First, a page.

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My Commute

Yeah, right, hybrid cars don't get any better fuel economy than normal cars...

by Julian Edgar

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Recently I decided to take a four week contract writing and editing position. After working for car magazines for well over a decade, I wanted to experience technical writing and editing in a completely different environment. However, the important point for this story was that the job was located at Brisbane airport, which is 86 kilometres from where I live.

So each day I was doing a 172 kilometre commute. In the world’s most economical car – a 2001 Honda Insight.

Said quickly, “world’s most economical car” means little: it’s a throwaway line. So let’s take a look at what it actually was like on the road each day, hitting the Gold Coast to Brisbane freeway at 7 o’clock every morning.

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My first 20 minutes each day is on a steeply descending, winding and bumpy secondary country road. In this environment the Insight is quite poor: the rear suspension travel is far too short and the dampers too soft. The car pitches and bounces, the thinly padded seats not providing the second layer of absorption needed in this road environment. But the electric power steering is precise and direct, a far cry from most electric-assist systems.

I could tell you the fuel economy that I get on this first 25 kilometres downhill but it would be completely atypical – even thirsty cars get excellent economy when most of the trip is made with the foot off the throttle!

So it’s at the bottom of the hill – and stopped at the roundabout – that I re-zero the fuel consumption display.

The Insight has four fuel consumption displays. The first is an instantaneous display. The second is a lifetime display, showing the fuel consumption since the car first drove off the production line. The third is a resettable display used most often to show tank consumption and the fourth is a trip display. It was the latter that I reset.

The roundabout is still a kilometre or so from where I join the freeway and the urban traffic is busy at this time of the morning. So after exiting the roundabout, I short-change the gearbox, following the pleading ‘up’ light that appears on the dash and always suggests up-changes at quite low revs. The 1-litre 3-cylinder engine hasn’t got massive bottom-end torque, but after each up-change, the ‘assist’ display on the dash shows that the 10kW electric motor is giving a short-term helping hand, each time using about 25 per cent of its maximum available torque.

But as with any car, accelerating away from standstill takes lots of power, and the fuel consumption display average (which updates every few minutes) pops up a first figure of 12 litres/100 kilometres.

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I have time only to read it before I arrive at traffic lights. They’re always red and as I lift my foot to slow, the instantaneous fuel consumption drops to zero as the over-run fuel injection cut-off occurs. As soon as I select neutral gear and slow under braking, the engine switches off completely, an ‘auto stop’ light flashing on the dash. So as I wait for the traffic light to change, the engine of the car is silent. That’s not helping to get my 12 litres/100 km figure downwards – but it is stopping it rising.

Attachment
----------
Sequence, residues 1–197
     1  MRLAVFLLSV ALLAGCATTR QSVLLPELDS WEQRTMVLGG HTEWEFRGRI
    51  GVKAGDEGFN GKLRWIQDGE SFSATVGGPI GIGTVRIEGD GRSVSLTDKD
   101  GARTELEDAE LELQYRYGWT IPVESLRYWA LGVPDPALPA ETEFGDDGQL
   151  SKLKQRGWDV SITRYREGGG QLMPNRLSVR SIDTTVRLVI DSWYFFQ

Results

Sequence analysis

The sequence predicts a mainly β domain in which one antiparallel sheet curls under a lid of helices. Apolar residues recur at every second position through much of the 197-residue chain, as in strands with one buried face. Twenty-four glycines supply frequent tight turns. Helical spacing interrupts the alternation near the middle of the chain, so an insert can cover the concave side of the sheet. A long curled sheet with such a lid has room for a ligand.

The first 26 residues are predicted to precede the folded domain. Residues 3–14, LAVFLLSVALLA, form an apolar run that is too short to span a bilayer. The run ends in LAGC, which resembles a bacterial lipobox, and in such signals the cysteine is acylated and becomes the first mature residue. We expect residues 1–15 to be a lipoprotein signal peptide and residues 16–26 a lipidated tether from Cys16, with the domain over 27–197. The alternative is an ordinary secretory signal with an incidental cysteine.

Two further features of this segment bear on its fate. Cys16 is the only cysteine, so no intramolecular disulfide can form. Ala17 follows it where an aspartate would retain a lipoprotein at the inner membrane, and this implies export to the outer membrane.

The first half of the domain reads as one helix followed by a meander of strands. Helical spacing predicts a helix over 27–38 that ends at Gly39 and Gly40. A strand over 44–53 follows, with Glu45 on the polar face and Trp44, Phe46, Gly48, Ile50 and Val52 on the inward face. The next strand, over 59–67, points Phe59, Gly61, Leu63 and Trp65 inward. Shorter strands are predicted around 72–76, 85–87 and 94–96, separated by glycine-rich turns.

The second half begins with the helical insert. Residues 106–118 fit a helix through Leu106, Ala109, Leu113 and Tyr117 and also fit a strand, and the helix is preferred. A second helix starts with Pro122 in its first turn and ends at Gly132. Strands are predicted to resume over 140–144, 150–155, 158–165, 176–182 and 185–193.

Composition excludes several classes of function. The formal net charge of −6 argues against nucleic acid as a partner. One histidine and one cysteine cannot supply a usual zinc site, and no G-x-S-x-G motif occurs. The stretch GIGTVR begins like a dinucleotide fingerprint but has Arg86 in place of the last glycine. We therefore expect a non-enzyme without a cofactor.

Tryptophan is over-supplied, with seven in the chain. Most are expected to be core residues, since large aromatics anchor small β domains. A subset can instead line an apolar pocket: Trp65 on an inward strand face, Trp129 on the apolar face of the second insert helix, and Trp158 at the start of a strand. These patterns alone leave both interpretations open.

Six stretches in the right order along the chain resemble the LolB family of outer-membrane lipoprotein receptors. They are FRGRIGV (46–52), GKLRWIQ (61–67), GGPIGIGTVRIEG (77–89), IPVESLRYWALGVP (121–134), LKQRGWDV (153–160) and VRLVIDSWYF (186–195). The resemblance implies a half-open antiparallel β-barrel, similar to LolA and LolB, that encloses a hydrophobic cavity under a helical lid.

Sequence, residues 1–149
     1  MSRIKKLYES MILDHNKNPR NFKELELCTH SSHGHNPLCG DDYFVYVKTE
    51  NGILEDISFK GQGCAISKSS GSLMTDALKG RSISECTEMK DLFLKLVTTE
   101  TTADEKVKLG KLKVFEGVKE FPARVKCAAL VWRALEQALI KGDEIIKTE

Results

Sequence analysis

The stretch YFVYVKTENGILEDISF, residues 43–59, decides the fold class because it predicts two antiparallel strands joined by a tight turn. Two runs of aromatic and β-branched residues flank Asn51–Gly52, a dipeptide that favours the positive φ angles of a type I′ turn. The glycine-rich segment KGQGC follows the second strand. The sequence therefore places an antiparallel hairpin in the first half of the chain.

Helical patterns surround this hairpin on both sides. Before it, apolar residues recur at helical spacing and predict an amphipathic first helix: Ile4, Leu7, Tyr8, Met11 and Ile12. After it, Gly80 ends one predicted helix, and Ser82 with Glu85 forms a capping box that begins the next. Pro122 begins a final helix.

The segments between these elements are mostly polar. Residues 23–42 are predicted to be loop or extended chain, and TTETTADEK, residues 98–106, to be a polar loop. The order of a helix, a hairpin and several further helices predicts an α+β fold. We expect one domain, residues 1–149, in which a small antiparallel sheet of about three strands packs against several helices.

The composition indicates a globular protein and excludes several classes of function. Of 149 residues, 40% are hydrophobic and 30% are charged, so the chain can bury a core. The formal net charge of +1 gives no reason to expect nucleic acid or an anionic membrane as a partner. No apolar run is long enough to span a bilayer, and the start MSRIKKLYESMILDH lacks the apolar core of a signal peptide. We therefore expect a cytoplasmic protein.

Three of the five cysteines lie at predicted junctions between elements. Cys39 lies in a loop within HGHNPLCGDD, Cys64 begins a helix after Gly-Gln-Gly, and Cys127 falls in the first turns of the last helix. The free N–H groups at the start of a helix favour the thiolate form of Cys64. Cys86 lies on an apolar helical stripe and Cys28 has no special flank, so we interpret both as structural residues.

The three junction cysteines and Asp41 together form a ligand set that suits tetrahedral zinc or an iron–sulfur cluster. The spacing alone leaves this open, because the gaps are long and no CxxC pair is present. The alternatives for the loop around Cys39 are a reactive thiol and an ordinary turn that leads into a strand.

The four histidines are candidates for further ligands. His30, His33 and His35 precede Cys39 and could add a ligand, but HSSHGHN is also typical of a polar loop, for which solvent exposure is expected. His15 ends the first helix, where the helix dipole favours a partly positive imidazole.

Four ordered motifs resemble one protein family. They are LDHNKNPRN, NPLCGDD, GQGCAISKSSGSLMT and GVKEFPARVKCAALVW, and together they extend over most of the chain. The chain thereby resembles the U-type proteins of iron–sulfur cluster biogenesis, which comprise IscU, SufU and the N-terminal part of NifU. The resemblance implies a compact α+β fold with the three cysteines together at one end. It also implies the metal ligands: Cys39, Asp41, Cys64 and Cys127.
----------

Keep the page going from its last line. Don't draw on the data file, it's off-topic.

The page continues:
The light changes to green, I select first gear and the engine instantly starts – the 10kW electric motor now acting as the starter. There’s no waiting for the engine to come to life: it’s just a case of selecting the gear and going.

I turn right across the intersection and then join the freeway entrance lane. This section of freeway is marked at 110 km/h and, even with the constant police presence, the traffic flow here at Oxenford usually sits on 115 km/h. So this time I ignore the ‘up’ change indication and wind the little engine out much further – 4000 rpm in first and second gears. Because of the large throttle angles, the electric-assist works strongly – I am getting nearly full electric power during this acceleration. I join the freeway slow lane at 100 km/h and then shift across one or two more lanes (there’s four to choose from) before settling at 115 km/h.

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On this concrete surface and at this speed the Insight is noisy. Tyre boom reverberates through the all-aluminium body and the car doesn’t feel remotely as sophisticated as its original near AUD$50K price suggests it should. But I have fitted a JVC DVD player with dozens of albums of MP3 music encoded on a DVD so I just crank it up and listen to the weird mix of 1970s country music that I find soothing at this time of morning.

On this stretch of freeway, bum-snufflers abound: those that see a small car ahead of them, assume it must be slow, speed up until they’re metres behind me, change lanes to go around me, get in the fast lane and then look at their speedos, realise they’re now going fast enough to be pinged, slow down, then realise that I was already going as fast as they want to go, swap back into the lane behind me, do some more snuffling....

The traffic is flowing well and there’s little to do except listen to the music and watch the fuel consumption display. In sequence up pop the numbers.

8.2 litres/100km...

Hmmm, now as economical as my V8 Lexus LS400 could ever manage on this freeway...